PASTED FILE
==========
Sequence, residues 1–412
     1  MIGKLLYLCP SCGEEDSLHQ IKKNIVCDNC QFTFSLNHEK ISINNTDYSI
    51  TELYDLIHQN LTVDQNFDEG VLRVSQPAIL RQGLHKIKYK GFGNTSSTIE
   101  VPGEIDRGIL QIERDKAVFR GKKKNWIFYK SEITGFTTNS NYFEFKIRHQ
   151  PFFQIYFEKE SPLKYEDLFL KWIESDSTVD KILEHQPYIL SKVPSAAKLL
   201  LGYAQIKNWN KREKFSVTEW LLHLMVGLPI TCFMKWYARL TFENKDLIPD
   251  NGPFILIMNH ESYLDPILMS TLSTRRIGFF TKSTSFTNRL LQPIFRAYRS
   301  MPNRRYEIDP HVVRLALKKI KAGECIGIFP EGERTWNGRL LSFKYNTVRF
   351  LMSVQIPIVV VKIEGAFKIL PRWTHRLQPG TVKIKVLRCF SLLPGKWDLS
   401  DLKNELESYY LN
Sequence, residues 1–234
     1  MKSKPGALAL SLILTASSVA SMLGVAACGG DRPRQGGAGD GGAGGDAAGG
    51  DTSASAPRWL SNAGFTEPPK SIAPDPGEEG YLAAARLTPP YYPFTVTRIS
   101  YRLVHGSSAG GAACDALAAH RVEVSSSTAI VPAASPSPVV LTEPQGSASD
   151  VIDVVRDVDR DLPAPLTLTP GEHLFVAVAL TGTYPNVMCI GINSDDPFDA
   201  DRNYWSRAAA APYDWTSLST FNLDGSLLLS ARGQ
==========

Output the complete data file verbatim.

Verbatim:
Sequence, residues 1–412
     1  MIGKLLYLCP SCGEEDSLHQ IKKNIVCDNC QFTFSLNHEK ISINNTDYSI
    51  TELYDLIHQN LTVDQNFDEG VLRVSQPAIL RQGLHKIKYK GFGNTSSTIE
   101  VPGEIDRGIL QIERDKAVFR GKKKNWIFYK SEITGFTTNS NYFEFKIRHQ
   151  PFFQIYFEKE SPLKYEDLFL KWIESDSTVD KILEHQPYIL SKVPSAAKLL
   201  LGYAQIKNWN KREKFSVTEW LLHLMVGLPI TCFMKWYARL TFENKDLIPD
   251  NGPFILIMNH ESYLDPILMS TLSTRRIGFF TKSTSFTNRL LQPIFRAYRS
   301  MPNRRYEIDP HVVRLALKKI KAGECIGIFP EGERTWNGRL LSFKYNTVRF
   351  LMSVQIPIVV VKIEGAFKIL PRWTHRLQPG TVKIKVLRCF SLLPGKWDLS
   401  DLKNELESYY LN
Sequence, residues 1–234
     1  MKSKPGALAL SLILTASSVA SMLGVAACGG DRPRQGGAGD GGAGGDAAGG
    51  DTSASAPRWL SNAGFTEPPK SIAPDPGEEG YLAAARLTPP YYPFTVTRIS
   101  YRLVHGSSAG GAACDALAAH RVEVSSSTAI VPAASPSPVV LTEPQGSASD
   151  VIDVVRDVDR DLPAPLTLTP GEHLFVAVAL TGTYPNVMCI GINSDDPFDA
   201  DRNYWSRAAA APYDWTSLST FNLDGSLLLS ARGQ